This volume seeks to review and stimulate interest in a number of emerging and fresh topics in contemporary tourist behaviour and experience. Topics explored include the effects of newer technologies on tourists' behaviour and experience, tourists' experience of scams, safety and personal responsibility, individual perspectives on sustainability, and some dimensions of tourists' personal growth, relationships and altruism. The topics are bound together by an integrative approach to conceptualising experience which is seen as an ensemble of orchestrated sensory inputs; affective reactions; cognitive mechanisms used to think about and understand the setting; actions undertaken and the relevant relationships which define the participants' world. A special emphasis is placed on tourists' stories as a pathway to access the nature of tourists' experience. Potential research directions in the field are indicated throughout.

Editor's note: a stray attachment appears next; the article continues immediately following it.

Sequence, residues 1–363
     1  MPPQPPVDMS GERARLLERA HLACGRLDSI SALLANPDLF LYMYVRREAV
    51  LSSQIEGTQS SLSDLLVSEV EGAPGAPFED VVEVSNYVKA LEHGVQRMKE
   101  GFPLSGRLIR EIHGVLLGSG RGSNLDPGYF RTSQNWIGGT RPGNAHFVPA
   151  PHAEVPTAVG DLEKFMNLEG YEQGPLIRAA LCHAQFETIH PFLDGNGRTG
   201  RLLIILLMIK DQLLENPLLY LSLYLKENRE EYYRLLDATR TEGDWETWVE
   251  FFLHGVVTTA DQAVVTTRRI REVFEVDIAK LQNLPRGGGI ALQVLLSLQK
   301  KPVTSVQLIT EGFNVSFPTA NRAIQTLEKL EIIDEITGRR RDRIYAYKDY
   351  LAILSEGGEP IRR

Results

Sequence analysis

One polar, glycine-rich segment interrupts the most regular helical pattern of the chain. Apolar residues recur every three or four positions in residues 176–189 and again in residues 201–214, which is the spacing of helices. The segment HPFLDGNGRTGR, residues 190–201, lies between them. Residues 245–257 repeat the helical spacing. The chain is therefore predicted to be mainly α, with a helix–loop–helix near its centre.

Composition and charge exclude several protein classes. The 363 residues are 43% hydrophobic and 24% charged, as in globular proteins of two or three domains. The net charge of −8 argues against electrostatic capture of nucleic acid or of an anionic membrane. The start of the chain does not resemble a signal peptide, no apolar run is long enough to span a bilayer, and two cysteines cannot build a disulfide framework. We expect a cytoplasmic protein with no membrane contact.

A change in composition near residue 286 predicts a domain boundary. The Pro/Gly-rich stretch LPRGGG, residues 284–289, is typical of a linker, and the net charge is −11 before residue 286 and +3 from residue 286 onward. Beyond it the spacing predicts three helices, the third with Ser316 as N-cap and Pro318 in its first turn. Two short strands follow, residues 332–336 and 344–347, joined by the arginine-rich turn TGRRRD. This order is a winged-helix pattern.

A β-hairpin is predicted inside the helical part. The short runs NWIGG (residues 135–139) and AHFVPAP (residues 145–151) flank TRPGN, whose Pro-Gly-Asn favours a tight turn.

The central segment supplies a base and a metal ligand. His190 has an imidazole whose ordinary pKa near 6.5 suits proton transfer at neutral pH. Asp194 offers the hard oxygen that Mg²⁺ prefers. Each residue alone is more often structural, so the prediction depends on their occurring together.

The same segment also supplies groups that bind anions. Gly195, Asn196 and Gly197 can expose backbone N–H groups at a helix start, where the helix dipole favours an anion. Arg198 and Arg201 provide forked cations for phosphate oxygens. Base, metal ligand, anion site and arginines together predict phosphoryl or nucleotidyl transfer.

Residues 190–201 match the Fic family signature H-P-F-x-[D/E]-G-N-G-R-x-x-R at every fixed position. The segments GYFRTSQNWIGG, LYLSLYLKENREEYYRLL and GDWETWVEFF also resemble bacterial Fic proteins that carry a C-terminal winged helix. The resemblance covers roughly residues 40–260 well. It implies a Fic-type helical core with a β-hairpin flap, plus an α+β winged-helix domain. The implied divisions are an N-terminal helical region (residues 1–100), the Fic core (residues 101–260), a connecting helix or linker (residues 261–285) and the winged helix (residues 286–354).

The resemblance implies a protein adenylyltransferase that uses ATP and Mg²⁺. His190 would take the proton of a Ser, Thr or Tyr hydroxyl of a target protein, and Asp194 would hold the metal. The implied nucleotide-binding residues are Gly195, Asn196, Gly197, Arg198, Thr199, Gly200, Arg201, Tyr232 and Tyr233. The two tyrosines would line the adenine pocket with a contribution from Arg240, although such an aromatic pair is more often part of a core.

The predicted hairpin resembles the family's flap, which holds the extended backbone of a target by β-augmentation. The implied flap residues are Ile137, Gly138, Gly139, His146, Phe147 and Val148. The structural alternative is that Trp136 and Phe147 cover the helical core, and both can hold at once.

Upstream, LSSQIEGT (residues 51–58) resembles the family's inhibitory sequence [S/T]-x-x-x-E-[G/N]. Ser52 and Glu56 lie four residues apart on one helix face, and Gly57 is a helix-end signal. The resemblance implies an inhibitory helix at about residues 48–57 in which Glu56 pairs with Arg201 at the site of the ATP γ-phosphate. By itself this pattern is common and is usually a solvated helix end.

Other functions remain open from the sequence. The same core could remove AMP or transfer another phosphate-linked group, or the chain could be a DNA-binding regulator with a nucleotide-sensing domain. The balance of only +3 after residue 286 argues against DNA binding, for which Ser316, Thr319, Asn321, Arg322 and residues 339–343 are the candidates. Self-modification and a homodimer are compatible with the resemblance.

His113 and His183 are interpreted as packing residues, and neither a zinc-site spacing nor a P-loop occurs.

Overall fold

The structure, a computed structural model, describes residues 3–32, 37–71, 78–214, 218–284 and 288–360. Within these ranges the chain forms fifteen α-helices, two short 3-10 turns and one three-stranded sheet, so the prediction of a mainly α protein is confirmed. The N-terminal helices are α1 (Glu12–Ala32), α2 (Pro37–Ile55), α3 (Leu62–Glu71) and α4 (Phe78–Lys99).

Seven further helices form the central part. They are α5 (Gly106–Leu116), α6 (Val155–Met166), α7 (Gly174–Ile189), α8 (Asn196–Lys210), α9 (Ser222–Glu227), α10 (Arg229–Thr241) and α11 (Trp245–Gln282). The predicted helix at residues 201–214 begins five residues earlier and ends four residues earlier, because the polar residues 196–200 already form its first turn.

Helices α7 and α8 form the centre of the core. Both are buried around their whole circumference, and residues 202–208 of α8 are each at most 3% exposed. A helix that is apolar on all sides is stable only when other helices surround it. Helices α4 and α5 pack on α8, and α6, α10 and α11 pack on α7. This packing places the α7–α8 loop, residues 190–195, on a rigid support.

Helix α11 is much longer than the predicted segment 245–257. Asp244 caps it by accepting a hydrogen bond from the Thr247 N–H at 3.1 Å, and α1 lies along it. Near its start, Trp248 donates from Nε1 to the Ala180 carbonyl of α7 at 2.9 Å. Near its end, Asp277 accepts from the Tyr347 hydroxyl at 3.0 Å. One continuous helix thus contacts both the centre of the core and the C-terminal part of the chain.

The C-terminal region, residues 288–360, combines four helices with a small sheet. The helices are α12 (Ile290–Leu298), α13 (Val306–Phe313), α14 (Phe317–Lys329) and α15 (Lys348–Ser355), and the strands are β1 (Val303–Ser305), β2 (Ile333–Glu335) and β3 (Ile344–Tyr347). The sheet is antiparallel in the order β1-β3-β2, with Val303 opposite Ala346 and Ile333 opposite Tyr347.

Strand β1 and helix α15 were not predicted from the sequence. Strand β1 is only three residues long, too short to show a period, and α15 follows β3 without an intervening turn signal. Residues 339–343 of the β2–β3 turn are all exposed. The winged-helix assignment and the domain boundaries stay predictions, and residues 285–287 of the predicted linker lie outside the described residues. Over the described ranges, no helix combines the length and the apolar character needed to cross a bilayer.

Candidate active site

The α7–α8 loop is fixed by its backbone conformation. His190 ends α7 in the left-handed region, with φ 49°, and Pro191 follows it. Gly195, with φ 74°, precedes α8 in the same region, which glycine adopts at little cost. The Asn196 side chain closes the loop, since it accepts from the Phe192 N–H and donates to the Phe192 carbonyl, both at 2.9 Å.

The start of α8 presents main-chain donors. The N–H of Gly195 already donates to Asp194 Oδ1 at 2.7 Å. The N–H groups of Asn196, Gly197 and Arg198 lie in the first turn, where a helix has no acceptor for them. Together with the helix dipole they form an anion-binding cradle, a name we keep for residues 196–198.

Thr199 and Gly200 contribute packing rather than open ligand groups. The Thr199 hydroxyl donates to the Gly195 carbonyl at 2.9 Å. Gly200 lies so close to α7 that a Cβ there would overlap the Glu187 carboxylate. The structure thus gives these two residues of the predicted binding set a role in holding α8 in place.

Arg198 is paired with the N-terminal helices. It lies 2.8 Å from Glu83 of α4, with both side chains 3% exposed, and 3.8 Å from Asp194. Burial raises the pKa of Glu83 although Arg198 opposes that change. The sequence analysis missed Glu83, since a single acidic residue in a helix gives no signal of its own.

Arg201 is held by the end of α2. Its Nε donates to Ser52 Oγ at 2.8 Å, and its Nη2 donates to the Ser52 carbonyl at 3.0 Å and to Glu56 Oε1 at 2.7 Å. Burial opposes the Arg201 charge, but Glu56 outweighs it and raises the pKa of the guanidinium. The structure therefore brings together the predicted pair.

Philip L. Pearce is Foundation Professor of Tourism at James Cook University, Australia. His research focuses on tourist behaviour, notably tourist motivation and experience, tourism and communities and tourism education and research.
Preface 1. Pathways to Understanding 2. The digital tourist 3. The tourist in trouble 4. The tourists' footprints 5. Dimensions of personal change 6. Tourists connecting to others 7. Additional perspectives